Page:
There was a fella who used to attend St Michael’s college and who had his own desk outside the Principal’s office for the greater part of sixth and seventh year. Roguish would be the loveable Irish way of describing his behaviour in school. He is now a policeman.
When the Principal who’s door he sat outside for those two years heard this news he proclaimed, ‘Ah, a true case of poacher turned gamekeeper.’
Chatting to a few friends over the past few weeks they said the same of me. For the last number of years regular readers of this column will know that I have been a critic of some aspects of fund raising that took place in Fermanagh. Specifically I felt that any fund raising group should be a part of the county board, as is the case with Club Tyrone. Secondly I felt that money raised should be used to tackle, in a strategic way, issues the county has from youth level right up to senior.
All this is of course is not to say that I did not respect and admire the work put in by all those individuals involved in fund raising previously. They put in serious effort and it goes without saying that they had, and continue to have Fermanagh’s best interests at heart. They are brilliant GAA people and deserve our gratitude.
Of course this sentiment of thanks is often lost when on the other hand there is clear criticism of the structures that were in place. But such is opinion writing and there is no point hitting the keyboard if you are not going to write about things as you see them.
Still, I have to admit to being a little surprised to find myself the Secretary of the relaunched Club Eirne. There is certainly more pressure this side of the fence. The truth is though that it would have been hypocritical on my part had I not got involved given the direction that is to be taken with the new Club Eirne.
I do however understand that people have concerns and questions. For example many have spoken to me in recent weeks and wondered why the name ‘Club Eirne’ was retained. Two opposing trains of thought here. One being that a fresh start needed a new name. While the other argued that continuity needed to be maintained while the retention of the name also tipped the hat to the efforts of the previous fund raising groups. I understand both sides of the argument and it is certainly important to acknowledge the work done in previous years.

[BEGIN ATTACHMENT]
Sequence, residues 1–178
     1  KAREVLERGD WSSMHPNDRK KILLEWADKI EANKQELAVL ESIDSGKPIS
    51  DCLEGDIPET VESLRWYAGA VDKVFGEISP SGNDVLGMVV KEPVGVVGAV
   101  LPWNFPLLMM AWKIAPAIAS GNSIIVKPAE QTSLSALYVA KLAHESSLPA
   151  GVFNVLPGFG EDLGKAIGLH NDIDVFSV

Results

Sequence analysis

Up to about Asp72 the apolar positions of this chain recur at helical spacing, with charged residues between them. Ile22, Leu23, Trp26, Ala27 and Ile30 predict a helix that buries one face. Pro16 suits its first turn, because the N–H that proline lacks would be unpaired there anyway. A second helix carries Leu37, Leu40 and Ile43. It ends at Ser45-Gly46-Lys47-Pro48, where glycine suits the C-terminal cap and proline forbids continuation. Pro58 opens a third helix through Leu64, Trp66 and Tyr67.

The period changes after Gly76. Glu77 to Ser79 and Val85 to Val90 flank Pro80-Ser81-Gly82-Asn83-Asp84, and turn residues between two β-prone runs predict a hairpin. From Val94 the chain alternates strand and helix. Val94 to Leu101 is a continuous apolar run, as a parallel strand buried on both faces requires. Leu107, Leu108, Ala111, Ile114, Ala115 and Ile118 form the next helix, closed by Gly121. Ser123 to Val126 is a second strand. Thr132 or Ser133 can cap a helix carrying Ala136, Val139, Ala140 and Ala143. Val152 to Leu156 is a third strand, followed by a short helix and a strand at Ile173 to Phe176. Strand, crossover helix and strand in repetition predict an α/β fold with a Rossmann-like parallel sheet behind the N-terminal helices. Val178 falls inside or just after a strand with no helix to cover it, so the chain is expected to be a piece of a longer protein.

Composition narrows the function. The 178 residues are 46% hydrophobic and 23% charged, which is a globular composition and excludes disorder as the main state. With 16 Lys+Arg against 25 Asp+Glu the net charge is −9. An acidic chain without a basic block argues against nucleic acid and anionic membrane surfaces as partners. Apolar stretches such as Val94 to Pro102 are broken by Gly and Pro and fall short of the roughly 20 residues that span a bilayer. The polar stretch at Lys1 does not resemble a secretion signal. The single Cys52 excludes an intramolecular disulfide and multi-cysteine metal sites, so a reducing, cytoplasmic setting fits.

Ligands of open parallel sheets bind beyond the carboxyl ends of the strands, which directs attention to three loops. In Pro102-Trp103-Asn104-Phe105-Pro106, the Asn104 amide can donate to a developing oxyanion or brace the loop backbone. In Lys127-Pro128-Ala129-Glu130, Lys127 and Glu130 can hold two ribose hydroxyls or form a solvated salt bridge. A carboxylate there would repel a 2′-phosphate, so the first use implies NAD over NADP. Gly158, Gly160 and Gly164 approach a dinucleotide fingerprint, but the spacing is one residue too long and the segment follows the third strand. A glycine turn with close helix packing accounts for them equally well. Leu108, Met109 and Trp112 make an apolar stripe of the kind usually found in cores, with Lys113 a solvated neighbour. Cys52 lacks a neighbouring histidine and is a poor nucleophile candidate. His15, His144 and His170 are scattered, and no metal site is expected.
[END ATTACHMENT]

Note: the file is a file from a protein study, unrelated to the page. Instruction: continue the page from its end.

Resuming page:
On balance, I would probably have preferred a new name however. From a purely PR point of view it would have been easier to get across the message that a entirely new fund raising group had been established and that this group operated inside the county board if a new name was used. None of this is meant as a slight to those who went before but rather a cold hard business perspective.
However, the decision was taken by the Fermanagh County Board to retain the name. That is how democracy works. I can’t very well throw the toys out of the pram because of a decision the Fermanagh county board made considering I have been arguing for years that any fund raising committee needs to act within the Fermanagh county board. And as one member of the new Club Eirne said at a meeting, ‘We shouldn’t sweat the small stuff.’
But – and you knew there was a but – there also has to be a degree of trust between a group fund raising money for Fermanagh GAA and those charged with managing the affairs of Fermanagh GAA. And to this end we turn our attention to the soon to be released three year strategic plan. Already the research that has gone in to this plan has established areas that need attention and investment. These include youth coaching, the development of Lissan and county teams preparation.
Again, on these pages I have been arguing for a long time that an audit of some sort, followed by a strategic plan has been needed. Again, in an ideal world I would have preferred someone from outside the county be charged with leading a group to review all GAA matters within the county. But life, especially working within the GAA is full of compromises.
The crux of the matter though is that there is a blueprint for the future and there is a promise to invest more in youth. It is the only way forward in my opinion and this promise of more investment in youth is ultimately the reason why I have become involved.
I hope I, and the rest of my colleagues in Club Eirne can convince you to become involved too. We will be asking people to sign up to become members of Club Eirne. We want your input and your ideas. Over the coming months we will work on other fund raising initiatives to go alongside our membership scheme.
We do all of this with the one aim in mind; allowing Fermanagh to ‘be the best that we can be’. I honestly believe if we all work together we can achieve that goal.
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